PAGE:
The fact that we have lapsed into cultural warfare, rather than cultural dialogue, over this issue seems in large part due to the polarization that has occurred around it. To "pro-lifers," their adversaries are self-centered, hard-headed people who deny the obvious humanity--not to say personhood--of unborn life, merely to guarantee their own comfort. Abortion on demand, in other words, is a matter of sheer expediency.
To "pro-choicers," a naive attribution of "personhood"--or even of humanity--to an embryo or fetus is the product of religious fanaticism that puts some skewed, abstract principle above the reality of a woman's life and represents the worst kind of invasiveness into the most personal and private realm of her existence.
In fact, the great majority of women who opt for abortions do so out of motivations that are far less callous, far less egocentric, than many pro-life activists would like to admit. For many "aborted women," the experience both before and after the fact is traumatic and depressing. Many feel that they had no choice other than to abort their child, and they react to the typical "pro-choice" hue with derision or with tears.
As for responsibility, they are often torn between being responsible toward their unborn child, toward their parents who cannot accept their unmarried daughter's pregnancy, toward a husband who doesn't want any more kids, or toward themselves in cases where poverty or emotional trauma make unbearable the idea of another mouth to feed--another life to care for and deal with.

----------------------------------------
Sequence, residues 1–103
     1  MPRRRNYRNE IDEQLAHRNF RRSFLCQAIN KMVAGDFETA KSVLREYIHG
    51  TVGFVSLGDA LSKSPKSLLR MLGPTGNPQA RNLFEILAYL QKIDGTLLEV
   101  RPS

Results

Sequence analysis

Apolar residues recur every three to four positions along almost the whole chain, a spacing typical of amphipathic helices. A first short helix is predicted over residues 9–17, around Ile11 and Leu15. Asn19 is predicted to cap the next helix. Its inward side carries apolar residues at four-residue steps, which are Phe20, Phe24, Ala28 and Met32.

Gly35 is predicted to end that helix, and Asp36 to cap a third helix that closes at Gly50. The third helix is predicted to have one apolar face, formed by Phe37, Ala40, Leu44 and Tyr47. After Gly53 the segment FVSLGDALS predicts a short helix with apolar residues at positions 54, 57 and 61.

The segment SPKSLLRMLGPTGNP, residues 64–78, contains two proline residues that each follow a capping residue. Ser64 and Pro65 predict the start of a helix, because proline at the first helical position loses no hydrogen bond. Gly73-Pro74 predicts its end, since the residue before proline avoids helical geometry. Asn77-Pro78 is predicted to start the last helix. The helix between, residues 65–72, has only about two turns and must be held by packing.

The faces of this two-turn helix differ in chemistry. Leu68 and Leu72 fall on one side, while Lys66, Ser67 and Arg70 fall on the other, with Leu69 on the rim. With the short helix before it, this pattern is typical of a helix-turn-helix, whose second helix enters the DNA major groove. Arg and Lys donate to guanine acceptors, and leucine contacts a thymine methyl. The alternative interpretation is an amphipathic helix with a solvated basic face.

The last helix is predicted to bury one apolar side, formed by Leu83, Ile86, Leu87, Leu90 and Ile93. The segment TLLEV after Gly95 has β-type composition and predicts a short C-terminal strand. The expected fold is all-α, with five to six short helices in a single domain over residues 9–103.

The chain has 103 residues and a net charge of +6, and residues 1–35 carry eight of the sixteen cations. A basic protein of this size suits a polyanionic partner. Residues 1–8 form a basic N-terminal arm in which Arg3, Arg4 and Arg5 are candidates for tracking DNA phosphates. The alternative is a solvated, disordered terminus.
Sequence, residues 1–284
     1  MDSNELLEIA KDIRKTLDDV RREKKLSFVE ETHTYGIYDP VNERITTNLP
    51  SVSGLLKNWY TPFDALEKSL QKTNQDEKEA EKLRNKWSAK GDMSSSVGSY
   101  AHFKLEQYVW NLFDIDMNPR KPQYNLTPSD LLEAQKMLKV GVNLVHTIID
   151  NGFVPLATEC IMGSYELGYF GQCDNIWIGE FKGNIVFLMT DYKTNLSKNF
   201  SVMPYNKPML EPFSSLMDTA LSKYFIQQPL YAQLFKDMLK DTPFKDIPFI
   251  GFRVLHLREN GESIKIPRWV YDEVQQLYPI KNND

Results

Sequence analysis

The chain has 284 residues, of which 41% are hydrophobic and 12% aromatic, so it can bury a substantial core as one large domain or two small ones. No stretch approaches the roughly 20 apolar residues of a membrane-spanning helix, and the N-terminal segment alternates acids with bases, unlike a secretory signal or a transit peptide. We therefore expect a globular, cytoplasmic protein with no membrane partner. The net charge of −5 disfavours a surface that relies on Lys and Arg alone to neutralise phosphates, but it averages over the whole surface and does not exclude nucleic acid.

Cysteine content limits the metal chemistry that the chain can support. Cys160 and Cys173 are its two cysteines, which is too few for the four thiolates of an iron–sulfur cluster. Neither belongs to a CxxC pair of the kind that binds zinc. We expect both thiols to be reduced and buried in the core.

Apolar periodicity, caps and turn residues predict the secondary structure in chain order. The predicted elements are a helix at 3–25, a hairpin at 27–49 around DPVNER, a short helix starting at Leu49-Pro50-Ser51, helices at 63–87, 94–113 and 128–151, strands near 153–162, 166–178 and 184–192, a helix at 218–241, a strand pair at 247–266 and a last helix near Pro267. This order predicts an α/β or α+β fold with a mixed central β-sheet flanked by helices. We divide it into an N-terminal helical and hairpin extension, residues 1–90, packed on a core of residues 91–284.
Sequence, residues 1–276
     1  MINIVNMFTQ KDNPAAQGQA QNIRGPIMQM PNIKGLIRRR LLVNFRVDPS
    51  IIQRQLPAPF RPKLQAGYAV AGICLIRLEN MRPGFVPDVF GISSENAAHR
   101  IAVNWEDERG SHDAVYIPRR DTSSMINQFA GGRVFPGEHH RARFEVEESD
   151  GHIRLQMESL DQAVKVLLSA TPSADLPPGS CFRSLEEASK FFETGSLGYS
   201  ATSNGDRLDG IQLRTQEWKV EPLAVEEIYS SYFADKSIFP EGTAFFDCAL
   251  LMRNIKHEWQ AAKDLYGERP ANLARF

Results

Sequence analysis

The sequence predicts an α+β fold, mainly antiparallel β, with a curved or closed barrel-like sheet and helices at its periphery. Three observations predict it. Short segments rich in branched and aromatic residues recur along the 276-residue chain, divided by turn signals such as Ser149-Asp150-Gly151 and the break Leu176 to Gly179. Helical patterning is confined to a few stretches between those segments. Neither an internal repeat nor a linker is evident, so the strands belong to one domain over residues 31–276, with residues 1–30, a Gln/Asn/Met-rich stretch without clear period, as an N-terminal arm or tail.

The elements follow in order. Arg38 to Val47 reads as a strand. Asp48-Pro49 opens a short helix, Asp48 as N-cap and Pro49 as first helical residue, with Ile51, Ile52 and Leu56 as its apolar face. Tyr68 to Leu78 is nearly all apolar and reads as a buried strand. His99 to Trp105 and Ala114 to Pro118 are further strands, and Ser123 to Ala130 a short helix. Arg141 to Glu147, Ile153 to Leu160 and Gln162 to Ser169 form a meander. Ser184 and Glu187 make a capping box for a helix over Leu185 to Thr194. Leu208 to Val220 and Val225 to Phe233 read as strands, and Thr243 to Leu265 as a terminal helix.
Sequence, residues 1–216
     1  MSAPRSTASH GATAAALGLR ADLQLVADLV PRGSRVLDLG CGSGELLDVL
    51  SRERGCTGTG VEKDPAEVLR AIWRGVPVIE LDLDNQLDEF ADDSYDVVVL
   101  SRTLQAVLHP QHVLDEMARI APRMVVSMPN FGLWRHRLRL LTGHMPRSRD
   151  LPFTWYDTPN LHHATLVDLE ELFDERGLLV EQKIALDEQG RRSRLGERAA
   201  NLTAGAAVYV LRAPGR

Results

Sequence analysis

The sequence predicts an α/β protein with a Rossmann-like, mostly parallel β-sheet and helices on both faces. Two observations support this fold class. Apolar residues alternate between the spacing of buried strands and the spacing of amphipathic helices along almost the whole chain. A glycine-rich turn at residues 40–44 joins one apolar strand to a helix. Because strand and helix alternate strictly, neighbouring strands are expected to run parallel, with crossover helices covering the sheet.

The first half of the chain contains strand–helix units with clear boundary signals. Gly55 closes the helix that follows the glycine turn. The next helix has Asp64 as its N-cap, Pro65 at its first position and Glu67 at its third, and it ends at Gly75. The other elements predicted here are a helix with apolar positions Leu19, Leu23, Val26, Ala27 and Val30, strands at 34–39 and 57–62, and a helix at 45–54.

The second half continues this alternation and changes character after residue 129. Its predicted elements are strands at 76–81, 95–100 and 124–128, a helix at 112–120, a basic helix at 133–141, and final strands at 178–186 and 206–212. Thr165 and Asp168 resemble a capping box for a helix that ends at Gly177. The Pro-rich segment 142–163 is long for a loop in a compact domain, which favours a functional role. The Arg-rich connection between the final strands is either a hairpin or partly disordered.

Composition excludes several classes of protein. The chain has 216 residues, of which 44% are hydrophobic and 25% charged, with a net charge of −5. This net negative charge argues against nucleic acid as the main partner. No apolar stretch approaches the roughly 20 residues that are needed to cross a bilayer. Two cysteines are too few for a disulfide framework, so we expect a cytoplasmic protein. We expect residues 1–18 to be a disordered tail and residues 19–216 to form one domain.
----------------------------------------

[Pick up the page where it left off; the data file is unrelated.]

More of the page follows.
Personal responsibility in the abortion issue is not as clear cut as many would have it.
Responsibility to whom? And how?
Those of us who are definitely "pro-life" need to question the caricatures to which we've become all too accustomed. We need to share, for a moment at least, the pain and anguish so many women go through when they opt to terminate a pregnancy. And those on the other side need to open their minds to the obvious: that unborn life is still life. It is fully human life, and it deserves the care and protection we owe to any human being at any stage of his or her development.
All of us, then, need to stop the verbal overkill and begin to talk, with mutual respect and openness. We need to talk, but also to listen.
The churches have been eerily silent on this whole issue. Some have felt it their calling to denounce abortion, yet they give little attention to the plight of the mother (and virtually none to the responsibility of the father). Others offer varying degrees of support to abortion proponents, particularly those who speak in the interests of victims of rape and incest. While both sides claim to defend truth, they certainly represent reality: the reality both of the unborn and of the unborn's mother.
It's time that these same churches (yours and mine) provide--at the local level--a forum for genuine dialogue concerning abortion and the significance of prenatal life; a dialogue that to all parties involved is responsible, respectful and compassionate. In today's atmosphere, if they don't, certainly no one else will.
The Very Rev. John Breck was Professor of New Testament and Ethics at St. Vladimir's Seminary from 1984-1996. This article is reprinted with permission of the author.